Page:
by Carrie Bornstein, Executive Director
“Just raise your hand if you need an extra blanket,” my restorative yoga teacher said slowly, “or another block, or maybe some hands-on support. I’m here to spoil you rotten tonight, if there’s anything at all that you need.”
“What would you like to order? Let’s start here: What do you feel like eating for dinner tonight? Even if it’s not on the menu… what do you want? It’s my job to say ‘yes’ and to make sure you’re happy. Try me. What would you like to have?” My family went away this past weekend to celebrate my mother’s upcoming 70th birthday, and this was one of the waitress’s first questions to us.
Ever since I went to that first yoga class a few months ago, I’d been struck by hearing my teacher looking out for reasons to spoil us. When I heard the same concept again this weekend, I paid attention even more.
And, of course, this is our mindset here at Mayyim Hayyim. From our creation story to our volunteer Mikveh Guides, to our staff, interns, and board members, we constantly ask the question, “What is it that you need, before you even have to ask for it? How do we make sure you walk away happy? In what ways can we prove to you that you matter?”
In 1943, Abraham Maslow outlined his “Hierarchy of Needs,” providing a framework for understanding how basic needs like shelter, food, and safety need to be in place first in order for humans to access more advanced levels of need like self-actualization, and the highest level, self-transcendence.
Focusing on the quality of another person’s experience, whether in yoga, at a restaurant, at the mikveh, in any Jewish organization or beyond, falls into Maslow’s fourth category of needs, esteem. This is the category that, once other more basic needs are met, allows us to feel respected and valued by others, to have positive self-esteem, and to respect ourselves.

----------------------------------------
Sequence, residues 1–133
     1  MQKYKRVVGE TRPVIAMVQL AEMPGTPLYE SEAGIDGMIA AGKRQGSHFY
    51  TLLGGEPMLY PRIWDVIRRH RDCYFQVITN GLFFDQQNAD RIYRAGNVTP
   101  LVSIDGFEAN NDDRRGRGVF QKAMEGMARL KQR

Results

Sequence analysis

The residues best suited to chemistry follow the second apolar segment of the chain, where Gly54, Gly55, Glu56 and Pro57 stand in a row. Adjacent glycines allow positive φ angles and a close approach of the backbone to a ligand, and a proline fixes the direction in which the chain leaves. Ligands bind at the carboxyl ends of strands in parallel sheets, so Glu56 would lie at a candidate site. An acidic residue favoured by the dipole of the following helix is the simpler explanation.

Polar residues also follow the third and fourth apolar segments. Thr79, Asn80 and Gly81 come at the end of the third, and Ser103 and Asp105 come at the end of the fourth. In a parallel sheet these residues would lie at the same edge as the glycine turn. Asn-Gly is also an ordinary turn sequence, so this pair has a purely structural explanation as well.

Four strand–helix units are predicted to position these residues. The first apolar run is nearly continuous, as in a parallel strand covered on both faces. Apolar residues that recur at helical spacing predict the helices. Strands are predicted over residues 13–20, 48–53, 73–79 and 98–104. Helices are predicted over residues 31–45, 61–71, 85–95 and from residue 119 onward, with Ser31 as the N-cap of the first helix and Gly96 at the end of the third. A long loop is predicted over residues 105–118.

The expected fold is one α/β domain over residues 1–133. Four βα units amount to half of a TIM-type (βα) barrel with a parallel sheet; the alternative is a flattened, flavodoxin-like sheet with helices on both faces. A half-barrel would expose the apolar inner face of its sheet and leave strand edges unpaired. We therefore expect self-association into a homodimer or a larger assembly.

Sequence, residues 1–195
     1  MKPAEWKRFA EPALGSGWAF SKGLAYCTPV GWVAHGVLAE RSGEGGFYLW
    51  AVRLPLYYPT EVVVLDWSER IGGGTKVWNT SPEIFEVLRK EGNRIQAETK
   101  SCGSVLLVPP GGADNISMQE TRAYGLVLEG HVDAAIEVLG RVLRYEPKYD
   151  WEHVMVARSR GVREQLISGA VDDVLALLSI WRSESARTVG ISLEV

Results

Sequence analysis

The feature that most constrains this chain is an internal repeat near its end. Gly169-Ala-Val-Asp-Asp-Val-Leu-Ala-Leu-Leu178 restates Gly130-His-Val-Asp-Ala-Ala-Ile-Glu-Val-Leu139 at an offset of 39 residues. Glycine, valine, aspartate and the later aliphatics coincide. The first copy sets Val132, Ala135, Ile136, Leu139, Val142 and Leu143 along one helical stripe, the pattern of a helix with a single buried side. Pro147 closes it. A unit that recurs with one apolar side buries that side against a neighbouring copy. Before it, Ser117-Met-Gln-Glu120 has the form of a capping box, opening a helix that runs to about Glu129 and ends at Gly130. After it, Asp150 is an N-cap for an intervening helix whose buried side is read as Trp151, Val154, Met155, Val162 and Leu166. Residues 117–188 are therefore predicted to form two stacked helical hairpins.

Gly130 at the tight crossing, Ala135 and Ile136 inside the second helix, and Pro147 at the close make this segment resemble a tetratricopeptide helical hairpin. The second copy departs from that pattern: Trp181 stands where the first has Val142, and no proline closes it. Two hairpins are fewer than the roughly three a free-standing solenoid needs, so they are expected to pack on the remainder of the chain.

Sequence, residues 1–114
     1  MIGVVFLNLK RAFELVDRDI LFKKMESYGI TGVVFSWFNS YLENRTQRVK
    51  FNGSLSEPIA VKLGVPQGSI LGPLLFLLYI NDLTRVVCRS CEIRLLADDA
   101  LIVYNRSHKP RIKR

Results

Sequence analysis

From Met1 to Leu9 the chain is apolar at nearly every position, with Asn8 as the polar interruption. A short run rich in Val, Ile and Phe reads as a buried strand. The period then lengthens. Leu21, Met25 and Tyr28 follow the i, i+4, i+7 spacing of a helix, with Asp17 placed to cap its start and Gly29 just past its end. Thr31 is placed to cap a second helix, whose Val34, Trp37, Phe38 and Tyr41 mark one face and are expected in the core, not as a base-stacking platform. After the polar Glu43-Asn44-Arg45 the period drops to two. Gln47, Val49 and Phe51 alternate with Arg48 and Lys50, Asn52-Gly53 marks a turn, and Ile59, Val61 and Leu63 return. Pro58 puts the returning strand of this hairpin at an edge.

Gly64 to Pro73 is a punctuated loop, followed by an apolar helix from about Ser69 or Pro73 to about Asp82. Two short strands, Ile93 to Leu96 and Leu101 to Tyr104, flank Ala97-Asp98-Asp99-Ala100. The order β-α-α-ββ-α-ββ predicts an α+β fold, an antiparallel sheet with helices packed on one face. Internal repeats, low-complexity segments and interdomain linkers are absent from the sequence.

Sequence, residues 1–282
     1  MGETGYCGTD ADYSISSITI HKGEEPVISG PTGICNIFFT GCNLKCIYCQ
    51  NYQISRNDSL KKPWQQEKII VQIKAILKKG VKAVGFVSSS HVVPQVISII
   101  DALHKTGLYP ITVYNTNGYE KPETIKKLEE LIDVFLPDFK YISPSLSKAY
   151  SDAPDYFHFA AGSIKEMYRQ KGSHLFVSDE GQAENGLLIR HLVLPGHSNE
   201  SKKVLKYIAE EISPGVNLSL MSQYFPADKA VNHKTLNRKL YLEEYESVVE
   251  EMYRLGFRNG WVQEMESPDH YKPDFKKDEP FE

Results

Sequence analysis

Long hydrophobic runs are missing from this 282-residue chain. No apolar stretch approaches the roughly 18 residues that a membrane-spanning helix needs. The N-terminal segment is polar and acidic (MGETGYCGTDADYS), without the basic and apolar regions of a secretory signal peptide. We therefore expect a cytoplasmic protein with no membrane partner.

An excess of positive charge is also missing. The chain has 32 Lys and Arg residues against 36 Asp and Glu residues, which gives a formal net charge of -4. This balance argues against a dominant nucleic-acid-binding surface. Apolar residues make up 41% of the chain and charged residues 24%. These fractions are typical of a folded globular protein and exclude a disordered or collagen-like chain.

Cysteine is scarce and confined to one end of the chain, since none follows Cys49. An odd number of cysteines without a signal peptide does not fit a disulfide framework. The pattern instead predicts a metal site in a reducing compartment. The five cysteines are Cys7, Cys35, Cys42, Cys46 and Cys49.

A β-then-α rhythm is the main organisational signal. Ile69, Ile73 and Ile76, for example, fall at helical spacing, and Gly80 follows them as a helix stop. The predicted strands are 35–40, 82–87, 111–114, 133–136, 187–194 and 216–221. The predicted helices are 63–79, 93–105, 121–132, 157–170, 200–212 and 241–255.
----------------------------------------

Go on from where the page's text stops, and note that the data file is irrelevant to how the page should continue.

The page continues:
It occurs to me that this focus on others is the highest level of need that we can help provide for someone else, where our actions make a difference for another person’s experience. It is the best thing we can do in order to help facilitate self-actualization and self-transcendence for another person, which, by definition, needs to come from within.
This is an area where we all have needs, even though our society doesn’t often think about how we can provide them to others. Too often (myself included!) we live in survival mode, thinking about how we can just get through the day as unscathed as possible, busy running to work, picking up the kids, getting dinner on the table, fitting in doctor’s appointments, and maybe even a trip to the gym.
Explicitly focusing on others, however, has the dual benefit of helping another person fulfill their own needs while also having a positive effect on ourselves. My yoga teacher, that waitress, our volunteer Mikveh Guides… they’re all genuinely happy to focus on someone else’s happiness. I am reminded of one of my favorite realizations from one of our most experienced Mikveh Guides, Gail Elson, who said, “Being a Mikveh Guide elicits the best in me. In this role, I am my most patient, nurturing, helpful, instructive self.”
Try it sometime today. Find an opportunity to figure out how you can explicitly help another person with whatever it is that they need. I have a feeling you’ll be glad you did.
Carrie Bornstein is the Executive Director of Mayyim Hayyim.